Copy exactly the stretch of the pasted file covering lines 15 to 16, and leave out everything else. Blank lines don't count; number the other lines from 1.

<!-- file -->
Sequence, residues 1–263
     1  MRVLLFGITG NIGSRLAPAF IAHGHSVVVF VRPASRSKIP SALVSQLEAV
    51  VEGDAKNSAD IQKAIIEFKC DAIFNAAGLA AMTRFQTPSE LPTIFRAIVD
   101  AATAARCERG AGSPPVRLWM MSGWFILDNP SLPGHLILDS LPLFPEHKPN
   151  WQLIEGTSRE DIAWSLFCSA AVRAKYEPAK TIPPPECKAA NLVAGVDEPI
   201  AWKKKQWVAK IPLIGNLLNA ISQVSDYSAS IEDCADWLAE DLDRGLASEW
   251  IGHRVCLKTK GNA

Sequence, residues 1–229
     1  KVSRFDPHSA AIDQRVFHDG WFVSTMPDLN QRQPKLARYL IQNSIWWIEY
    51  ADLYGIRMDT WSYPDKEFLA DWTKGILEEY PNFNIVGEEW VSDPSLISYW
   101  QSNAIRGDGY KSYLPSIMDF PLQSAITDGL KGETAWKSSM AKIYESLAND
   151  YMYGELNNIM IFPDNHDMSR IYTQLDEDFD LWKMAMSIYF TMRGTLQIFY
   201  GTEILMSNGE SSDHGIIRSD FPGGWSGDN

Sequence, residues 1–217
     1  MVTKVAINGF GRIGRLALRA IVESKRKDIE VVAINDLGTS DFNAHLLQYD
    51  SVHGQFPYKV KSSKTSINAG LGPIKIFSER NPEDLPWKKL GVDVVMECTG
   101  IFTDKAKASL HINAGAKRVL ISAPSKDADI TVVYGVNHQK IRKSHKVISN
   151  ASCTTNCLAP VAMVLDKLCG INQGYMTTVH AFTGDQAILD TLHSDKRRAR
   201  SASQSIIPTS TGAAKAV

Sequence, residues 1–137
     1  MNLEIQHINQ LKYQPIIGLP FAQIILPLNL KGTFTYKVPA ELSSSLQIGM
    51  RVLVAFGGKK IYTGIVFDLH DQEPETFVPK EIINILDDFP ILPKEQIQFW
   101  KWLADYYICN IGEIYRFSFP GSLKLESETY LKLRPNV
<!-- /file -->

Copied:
     1  MVTKVAINGF GRIGRLALRA IVESKRKDIE VVAINDLGTS DFNAHLLQYD
    51  SVHGQFPYKV KSSKTSINAG LGPIKIFSER NPEDLPWKKL GVDVVMECTG